How to Manage Your Kid's Time with Technology | News | Loyola Medicine
Monday, June 15, 2015

Loyola speech therapists give parents tips for managing kids' tech time

MAYWOOD, Ill. (May 22 2015)  – The average 8-year-old in the United States uses more than three personal technology devices at home. These might include a tablet, smartphone, or video game console, according to a new poll of parents conducted by the American Speech-Language-Hearing Association (ASHA). With even the youngest kids now “connected” via such technology, it is important to remember to manage tech time so it doesn’t overtake time for talking with children. 

 
“Talking to children in the first years of their life sets them up for academic and social success for a   lifetime,” says Kathleen Czuba, speech/language therapist at Loyola University Health System. “Studies link the number and variety of words a child hears and later academic achievement.”  
 
Here are communication tips from the Speech Therapy Department at Loyola University Medical Center.
  1. Create tech-free times. “Find at least one or two opportunities during the day—at the dinner table, for example—for everyone to disconnect, “ says Czuba. “Mealtime is a prime opportunity for conversation. Make a commitment and have everyone check their devices at the kitchen door.”    
  2. Resist overreliance on technology to pacify boredom. Fifty-five percent of parents worry that they rely on technology too much to keep their child entertained, according to the ASHA poll. Roughly half of parents say that they are using technology as a means to keep kids age 0–3 entertained. “Remember that the best opportunities for conversation and learning are often found in situations that may be viewed as boring, such as while running errands or on a long car trip—particularly for the youngest children,“ says Czuba. “While it may be tempting, try to resist the urge to immediately turn to these devices as a source of entertainment.”    
  3. Don't overestimate the value of educational apps. “Children learn best simply through talking, conversing, and reading,” says Czuba. “Technology is not the best way to teach, though it can reinforce and allow practice of skills under development.”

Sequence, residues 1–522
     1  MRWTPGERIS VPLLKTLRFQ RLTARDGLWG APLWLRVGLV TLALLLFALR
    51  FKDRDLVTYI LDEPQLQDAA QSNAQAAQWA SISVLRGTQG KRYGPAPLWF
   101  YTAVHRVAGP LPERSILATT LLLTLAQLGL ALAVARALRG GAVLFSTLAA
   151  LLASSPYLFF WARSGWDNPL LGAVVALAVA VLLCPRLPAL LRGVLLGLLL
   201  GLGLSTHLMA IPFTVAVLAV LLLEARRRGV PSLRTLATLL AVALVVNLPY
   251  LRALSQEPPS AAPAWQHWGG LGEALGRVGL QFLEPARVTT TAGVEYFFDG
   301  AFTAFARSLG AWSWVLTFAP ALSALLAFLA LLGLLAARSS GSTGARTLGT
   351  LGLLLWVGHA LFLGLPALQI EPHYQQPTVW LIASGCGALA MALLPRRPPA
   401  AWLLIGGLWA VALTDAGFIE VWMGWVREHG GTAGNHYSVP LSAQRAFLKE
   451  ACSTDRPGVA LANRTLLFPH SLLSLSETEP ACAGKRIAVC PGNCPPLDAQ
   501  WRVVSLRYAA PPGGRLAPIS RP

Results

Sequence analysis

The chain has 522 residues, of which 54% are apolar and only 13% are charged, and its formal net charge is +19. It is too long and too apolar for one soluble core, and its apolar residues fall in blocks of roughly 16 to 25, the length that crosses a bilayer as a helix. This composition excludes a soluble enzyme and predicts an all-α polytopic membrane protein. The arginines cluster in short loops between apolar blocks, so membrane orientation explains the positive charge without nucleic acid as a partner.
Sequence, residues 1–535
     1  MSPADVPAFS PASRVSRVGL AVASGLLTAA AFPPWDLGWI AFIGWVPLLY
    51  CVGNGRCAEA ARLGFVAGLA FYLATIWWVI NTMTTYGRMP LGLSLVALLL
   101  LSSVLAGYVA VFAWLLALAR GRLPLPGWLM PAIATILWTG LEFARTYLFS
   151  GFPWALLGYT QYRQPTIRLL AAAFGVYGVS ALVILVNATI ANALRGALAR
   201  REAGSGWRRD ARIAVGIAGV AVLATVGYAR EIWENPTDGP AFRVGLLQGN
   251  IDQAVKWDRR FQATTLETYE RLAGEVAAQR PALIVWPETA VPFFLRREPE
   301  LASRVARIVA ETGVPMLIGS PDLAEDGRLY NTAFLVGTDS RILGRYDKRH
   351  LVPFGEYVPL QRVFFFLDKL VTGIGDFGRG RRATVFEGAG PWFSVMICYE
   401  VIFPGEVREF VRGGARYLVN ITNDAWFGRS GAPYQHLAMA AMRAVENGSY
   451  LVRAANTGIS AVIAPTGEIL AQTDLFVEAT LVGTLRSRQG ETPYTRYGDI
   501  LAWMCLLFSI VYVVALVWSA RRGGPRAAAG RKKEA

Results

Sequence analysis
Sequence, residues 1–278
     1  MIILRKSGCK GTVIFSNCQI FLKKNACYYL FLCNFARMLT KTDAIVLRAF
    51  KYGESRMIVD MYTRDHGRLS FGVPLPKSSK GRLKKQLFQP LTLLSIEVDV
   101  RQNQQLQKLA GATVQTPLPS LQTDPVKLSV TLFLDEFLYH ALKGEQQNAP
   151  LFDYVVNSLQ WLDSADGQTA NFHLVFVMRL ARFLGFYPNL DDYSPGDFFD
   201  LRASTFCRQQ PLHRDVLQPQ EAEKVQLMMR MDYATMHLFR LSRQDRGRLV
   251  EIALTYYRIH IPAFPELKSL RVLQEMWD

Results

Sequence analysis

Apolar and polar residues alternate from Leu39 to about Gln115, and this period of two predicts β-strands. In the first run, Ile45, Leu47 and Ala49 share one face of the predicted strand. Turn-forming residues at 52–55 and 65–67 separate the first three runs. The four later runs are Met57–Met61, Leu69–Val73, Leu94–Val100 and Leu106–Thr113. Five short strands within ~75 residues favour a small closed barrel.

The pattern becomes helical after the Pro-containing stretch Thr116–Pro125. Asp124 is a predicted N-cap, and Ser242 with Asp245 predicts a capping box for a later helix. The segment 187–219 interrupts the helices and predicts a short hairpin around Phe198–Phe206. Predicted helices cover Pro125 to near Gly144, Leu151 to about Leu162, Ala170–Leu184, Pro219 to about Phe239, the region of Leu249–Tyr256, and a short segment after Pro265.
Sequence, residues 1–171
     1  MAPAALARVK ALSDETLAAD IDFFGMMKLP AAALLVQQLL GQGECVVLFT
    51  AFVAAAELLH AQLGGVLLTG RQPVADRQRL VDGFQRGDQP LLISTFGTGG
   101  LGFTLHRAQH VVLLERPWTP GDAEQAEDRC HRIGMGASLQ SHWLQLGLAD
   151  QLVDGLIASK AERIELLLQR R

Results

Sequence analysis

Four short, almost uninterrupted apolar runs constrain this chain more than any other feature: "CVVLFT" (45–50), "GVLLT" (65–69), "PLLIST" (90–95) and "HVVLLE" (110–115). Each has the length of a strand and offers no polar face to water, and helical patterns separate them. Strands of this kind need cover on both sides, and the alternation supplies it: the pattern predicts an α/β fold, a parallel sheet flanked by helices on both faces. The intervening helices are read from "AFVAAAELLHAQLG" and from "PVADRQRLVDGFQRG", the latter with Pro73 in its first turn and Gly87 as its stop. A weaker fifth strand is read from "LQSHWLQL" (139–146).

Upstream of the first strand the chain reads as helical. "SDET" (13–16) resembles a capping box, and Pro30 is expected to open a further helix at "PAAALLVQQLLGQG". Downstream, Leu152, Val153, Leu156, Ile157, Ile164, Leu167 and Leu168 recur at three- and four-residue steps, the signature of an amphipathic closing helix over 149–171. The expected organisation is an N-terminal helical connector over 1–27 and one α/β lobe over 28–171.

4. Make tech use a group activity. Czuba says, “While it is most often used on an individual basis, tech use can be turned into a group activity, such as while playing an online game. Talk about what you’re doing!”    
  5. Consider whether young kids really need their own devices. It is not uncommon for kids to have their own tablets or mp3 players. Many are designed and marketed specifically for kids. This may lead to more time spent alone with technology throughout the day. “Devices designed for kids often offer additional features that appeal to parents, such as limited (kid-appropriate) content and extra security options, so this is a balance for parents to consider,” says Czuba.    
  6. Set daily time limits. “Certain devices can be programmed by parents to shut off after a certain amount of time,” says Czuba. “But you can also make a child aware of the time limit and keep track yourself.”    
  7. Be consistent in enforcing the parameters you set for tech use. “ASHA’s poll found a majority of parents report setting limits on their children’s tech use, “ says Czuba. “However, the reality of their children’s tech use often doesn’t line up with the set restrictions, by parents’ own accounts. Moreover, adherence often seems to break down at ages 7 or 8 despite the rules parents say they set.”      
  8. Always practice safe listening, especially when using ear buds or headphones. Misuse of this technology can lead to noise-induced hearing loss. “Even minor hearing loss takes a significant toll academically, socially, vocationally, and in other ways, so prevent the preventable,” says Czuba. “Teach kids to keep the volume down (a good guide is half volume) and take listening breaks.”   
  9. Model the tech habits you want your kids to adopt. “Practice what you preach when it comes to tech time and safe-listening habits,” says Czuba.     
  10. Learn the signs of communication disorders. This is important for all parents, regardless of their children’s technology use. “Early treatment can prevent or reverse many communication disorders. Parents should not wait to see if a child “outgrows” a suspected speech or hearing problem,” says Czuba. “If you have any question about your child’s speech or hearing, seek an assessment from a speech-language pathologist or audiologist.” Learn more at http://IdentifytheSigns.org.